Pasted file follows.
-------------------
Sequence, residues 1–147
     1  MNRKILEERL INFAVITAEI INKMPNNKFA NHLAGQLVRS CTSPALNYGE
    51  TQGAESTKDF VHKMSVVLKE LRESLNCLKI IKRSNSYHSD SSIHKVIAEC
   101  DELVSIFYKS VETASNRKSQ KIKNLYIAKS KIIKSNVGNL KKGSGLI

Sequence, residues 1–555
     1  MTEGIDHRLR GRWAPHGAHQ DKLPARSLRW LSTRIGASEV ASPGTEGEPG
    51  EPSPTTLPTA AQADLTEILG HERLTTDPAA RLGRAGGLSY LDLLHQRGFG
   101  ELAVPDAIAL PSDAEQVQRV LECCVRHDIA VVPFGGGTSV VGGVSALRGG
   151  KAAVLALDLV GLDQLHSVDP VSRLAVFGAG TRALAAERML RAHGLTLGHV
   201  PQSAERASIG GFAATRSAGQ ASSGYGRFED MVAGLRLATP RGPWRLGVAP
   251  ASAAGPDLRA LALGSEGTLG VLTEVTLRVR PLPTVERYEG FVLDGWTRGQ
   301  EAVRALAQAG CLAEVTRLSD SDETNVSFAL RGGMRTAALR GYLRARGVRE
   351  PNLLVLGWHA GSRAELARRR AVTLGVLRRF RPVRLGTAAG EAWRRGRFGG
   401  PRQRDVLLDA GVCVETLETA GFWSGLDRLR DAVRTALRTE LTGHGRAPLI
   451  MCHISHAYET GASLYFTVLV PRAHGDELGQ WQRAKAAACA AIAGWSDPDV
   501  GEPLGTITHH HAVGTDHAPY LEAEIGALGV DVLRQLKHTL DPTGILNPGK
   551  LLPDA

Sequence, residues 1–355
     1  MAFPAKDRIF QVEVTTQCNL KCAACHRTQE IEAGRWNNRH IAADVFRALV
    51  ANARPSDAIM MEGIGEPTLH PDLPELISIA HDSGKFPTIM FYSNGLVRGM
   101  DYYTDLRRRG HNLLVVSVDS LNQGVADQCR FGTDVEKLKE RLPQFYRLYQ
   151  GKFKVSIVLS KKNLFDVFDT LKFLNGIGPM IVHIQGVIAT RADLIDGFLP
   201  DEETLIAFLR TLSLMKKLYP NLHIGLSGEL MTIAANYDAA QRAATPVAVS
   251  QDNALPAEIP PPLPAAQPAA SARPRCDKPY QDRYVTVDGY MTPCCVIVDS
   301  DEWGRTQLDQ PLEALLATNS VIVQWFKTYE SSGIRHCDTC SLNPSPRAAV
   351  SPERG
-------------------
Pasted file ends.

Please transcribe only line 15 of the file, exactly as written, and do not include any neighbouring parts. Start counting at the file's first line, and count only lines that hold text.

   451  MCHISHAYET GASLYFTVLV PRAHGDELGQ WQRAKAAACA AIAGWSDPDV